Saudi Arabia has sentenced five men to thousands of lashes to be carried out in public over the course of prison sentences because they were caught dancing with women during an alcohol-fuelled Valentine's Day party.

Two defendants were sentenced to 10 years in prison and 2,000 lashes to be given in 20 parts in front of Al Nafoora market, the Okaz daily reported, while two other defendants were handed seven years in prison and 1,500 public lashes, each over 15 parts.

Another defendant was sentenced to five years in jail and 1,000 public lashes.

Earlier this year, Saudi's Commission for the Promotion of Virtue and the Prevention of Vice - known as the religious police - banned Valentine's Day as part of a strictly imposed code of Sharia law.

The men were arrested alongside six women in a house they had rented for recreational purposes in the city of Burayda, in the capital of Al Qassim region in north central Saudi Arabia. Smuggled bottles of alcohol were seized during the raid, the court in Burayda heard.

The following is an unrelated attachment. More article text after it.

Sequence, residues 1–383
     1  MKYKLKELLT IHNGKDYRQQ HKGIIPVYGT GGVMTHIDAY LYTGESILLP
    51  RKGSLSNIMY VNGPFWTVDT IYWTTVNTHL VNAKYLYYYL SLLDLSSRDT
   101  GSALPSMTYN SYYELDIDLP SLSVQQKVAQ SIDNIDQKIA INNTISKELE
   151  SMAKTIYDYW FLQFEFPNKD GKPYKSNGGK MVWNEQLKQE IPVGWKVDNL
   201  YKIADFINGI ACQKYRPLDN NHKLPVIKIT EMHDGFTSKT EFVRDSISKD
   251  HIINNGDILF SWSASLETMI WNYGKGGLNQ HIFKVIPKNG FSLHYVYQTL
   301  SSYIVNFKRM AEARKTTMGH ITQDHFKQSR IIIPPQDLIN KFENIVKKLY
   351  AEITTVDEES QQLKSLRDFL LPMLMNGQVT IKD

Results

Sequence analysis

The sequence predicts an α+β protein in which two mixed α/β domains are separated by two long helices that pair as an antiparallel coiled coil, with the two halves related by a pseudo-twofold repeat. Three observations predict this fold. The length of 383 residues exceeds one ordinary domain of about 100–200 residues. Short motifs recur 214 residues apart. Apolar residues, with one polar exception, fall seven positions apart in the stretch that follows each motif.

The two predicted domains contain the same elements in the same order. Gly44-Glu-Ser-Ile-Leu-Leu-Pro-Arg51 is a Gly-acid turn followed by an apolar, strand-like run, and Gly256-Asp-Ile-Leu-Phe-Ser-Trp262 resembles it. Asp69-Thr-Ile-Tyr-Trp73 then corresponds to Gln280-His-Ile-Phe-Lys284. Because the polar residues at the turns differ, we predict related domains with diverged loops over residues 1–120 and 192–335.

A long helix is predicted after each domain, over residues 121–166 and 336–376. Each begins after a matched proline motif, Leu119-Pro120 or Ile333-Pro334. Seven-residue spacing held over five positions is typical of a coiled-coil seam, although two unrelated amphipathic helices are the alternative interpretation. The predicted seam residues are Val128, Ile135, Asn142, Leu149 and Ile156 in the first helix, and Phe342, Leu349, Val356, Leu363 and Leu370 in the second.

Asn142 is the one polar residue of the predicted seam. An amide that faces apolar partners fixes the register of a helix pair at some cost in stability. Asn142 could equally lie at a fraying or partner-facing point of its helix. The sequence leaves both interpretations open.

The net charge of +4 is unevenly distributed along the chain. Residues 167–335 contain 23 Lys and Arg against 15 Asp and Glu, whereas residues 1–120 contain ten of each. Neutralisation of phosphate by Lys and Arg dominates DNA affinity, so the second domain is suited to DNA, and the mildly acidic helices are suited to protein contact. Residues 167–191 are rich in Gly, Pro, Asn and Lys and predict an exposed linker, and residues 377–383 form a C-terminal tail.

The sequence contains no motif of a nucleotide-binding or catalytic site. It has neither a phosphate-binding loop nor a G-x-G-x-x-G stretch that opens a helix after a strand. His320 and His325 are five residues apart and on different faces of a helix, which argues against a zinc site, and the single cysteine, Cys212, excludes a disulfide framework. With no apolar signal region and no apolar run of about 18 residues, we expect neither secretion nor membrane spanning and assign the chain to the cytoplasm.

Members from the commission also found red roses, candles and heart-shaped items during the raid in February.

They admitted to charges of dancing, illicit relations with the women and celebrating Valentine's Day, the paper reported, and as part of their sentences the men will be banished from their homeland for five years after completing their prison terms.

Committee for the Promotion of Virtue and the Prevention of Vice

Committee for the Promotion of Virtue and Prevention of Vice
Members of the Saudi Committee for the Promotion of Virtue and Prevention of Vice, or religious police, attend a training course Reuters

The committee is Saudi Arabia's state agency that enforces Sharia law in the country.

According to the Christian Science Monitor, an army of up to 4,000 members roam the country ensuring a strict Islamic code is being observed by men and women.

Members enforce dress codes, separation of men and women, prayer by Muslims and punish other behaviour that they deem to be irresponsible.

The body has been widely criticised for its strict code of practice and in 2002 was criticised for reportedly not allowing 15 young girls out of their burning Mecca school because they were not properly covered.